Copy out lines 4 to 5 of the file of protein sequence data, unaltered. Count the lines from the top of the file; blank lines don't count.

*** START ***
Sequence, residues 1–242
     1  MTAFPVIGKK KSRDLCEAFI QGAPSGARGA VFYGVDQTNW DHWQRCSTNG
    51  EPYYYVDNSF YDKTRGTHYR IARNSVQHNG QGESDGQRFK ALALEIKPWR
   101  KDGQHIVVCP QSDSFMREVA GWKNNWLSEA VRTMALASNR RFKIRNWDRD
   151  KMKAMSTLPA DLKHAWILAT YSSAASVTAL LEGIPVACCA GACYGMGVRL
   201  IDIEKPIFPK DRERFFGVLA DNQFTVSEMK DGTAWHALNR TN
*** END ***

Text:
   101  KDGQHIVVCP QSDSFMREVA GWKNNWLSEA VRTMALASNR RFKIRNWDRD
   151  KMKAMSTLPA DLKHAWILAT YSSAASVTAL LEGIPVACCA GACYGMGVRL